Thursday, January 12, 2012

Nested Statements in jQuery

As we all know, jQuery's powerful selectors allow you to quickly create an object that contains multiple elements from the DOM, and manipulate all of them in a single line. (Noob stuff, I know, but hang with me, here...) For example:


We're saying, "Find all the divs, and generate something random to go inside them." Obviously, the content will only get inserted if one or more divs are on the page.

If you were to write that instruction without jQuery, you'd probably write it a little something like this:

// Translation of $("div").html(generateSomethingRandom());
var divs = findDivs(); // a fictitious method
for(var i = 0; i < divs.length; i++) {
 div.innerHTML = generateSomethingRandom();
But, in fact, that would be incorrect! In the jQuery version of the code, generateSomethingRandom() will be called once. Always.
  • If there is one div, it'll be called once.
  • If there are two divs, it'll be called once.
  • And, quite significantly, if there are no divs, it'll be called once.
A more accurate translation of the statement would look something like this:
// More accurate translation of $("div").html(generateSomethingRandom());
var divs = findDivs();
var somethingRandom = generateSomethingRandom();
for(var i = 0; i < divs.length; i++) {
 div.innerHTML = somethingRandom;

So, why is this important?

First, you could end up with some performance issues if you're doing anything significant inside that method. For example, if you're using a JavaScript templating engine to render the HTML -- you could be slowing down your app rendering HTML that's never actually even used.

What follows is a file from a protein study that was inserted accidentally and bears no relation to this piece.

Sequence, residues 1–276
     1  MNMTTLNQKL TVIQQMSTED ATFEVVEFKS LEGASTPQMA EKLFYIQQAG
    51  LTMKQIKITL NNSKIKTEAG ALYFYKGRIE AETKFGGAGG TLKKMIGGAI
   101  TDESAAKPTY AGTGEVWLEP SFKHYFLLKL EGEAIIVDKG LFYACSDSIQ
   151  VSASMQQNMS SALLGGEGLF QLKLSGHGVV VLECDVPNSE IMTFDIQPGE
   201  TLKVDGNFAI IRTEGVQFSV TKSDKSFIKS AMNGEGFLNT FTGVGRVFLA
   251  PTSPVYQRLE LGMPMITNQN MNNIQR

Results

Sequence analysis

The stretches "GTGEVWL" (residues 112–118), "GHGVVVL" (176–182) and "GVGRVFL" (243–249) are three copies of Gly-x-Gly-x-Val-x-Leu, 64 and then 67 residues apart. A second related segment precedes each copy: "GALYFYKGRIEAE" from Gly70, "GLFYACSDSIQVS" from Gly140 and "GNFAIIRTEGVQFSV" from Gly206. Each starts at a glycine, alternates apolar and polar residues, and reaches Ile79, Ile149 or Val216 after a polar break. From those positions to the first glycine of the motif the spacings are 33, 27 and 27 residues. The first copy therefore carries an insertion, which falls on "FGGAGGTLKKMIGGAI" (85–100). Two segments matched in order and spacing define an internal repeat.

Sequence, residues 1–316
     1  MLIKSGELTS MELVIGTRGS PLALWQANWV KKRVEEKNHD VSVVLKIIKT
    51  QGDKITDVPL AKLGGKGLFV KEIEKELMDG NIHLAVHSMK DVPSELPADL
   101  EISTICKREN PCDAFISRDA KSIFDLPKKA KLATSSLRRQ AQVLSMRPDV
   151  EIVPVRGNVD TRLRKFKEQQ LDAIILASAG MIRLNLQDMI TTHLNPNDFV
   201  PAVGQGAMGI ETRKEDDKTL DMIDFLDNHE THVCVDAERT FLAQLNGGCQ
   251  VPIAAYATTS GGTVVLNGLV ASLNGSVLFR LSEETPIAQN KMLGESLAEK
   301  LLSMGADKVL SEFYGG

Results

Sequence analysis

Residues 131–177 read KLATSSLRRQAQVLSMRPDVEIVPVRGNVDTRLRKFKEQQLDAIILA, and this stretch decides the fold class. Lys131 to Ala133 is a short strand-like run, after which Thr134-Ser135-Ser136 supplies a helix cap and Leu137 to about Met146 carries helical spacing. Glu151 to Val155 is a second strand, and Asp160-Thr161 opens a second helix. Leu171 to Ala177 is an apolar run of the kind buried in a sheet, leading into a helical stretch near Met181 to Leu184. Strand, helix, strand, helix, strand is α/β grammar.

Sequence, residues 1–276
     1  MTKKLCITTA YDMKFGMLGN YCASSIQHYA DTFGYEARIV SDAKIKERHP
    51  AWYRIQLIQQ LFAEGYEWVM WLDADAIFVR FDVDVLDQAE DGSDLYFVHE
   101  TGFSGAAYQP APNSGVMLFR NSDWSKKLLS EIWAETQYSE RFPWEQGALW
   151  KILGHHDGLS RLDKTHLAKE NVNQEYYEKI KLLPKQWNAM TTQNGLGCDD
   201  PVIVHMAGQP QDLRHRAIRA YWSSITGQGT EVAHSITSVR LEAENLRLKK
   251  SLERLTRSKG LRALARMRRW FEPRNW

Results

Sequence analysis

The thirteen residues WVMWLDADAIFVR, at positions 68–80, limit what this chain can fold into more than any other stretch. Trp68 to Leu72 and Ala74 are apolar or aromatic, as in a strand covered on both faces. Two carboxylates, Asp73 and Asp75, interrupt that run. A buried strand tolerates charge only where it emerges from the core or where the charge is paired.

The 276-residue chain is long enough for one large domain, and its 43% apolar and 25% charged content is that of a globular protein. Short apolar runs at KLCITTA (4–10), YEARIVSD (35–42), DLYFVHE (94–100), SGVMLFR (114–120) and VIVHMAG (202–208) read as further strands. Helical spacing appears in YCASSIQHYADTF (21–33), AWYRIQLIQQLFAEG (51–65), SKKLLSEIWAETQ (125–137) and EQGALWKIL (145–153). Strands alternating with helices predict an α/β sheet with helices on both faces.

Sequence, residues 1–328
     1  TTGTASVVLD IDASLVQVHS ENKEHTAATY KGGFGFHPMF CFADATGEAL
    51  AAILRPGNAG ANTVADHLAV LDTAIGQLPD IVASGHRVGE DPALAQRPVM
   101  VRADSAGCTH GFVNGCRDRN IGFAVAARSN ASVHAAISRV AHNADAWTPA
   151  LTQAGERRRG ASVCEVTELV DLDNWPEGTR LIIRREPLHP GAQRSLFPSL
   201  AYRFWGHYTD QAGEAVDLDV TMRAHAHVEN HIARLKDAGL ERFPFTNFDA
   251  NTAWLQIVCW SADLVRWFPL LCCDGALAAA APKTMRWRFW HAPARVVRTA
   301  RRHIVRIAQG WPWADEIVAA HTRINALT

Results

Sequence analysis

Second, if you're expecting the method to be called once for each element, you'd be disappointed. In our case, we might have expected a different random string to show in each div, but all three get the same string.

Here's a full example:

<html xmlns="">
<meta http-equiv="Content-Type" content="text/html; charset=utf-8" />
<script src=""></script>

<style type="text/css">
div {
 border: 1px solid red;

 function generateSomethingRandom() {
  var result = "";
  for(var i = 0; i < 10; i++) {
   var asciiCode = Math.floor(Math.random()*15) + 62;
   result += String.fromCharCode(asciiCode);
  return result;
 $(document).ready(function() {
  $("#magicButton").click(function() {

<input type="button" id="magicButton" value="Click me, if you please." />

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Dave Leeds
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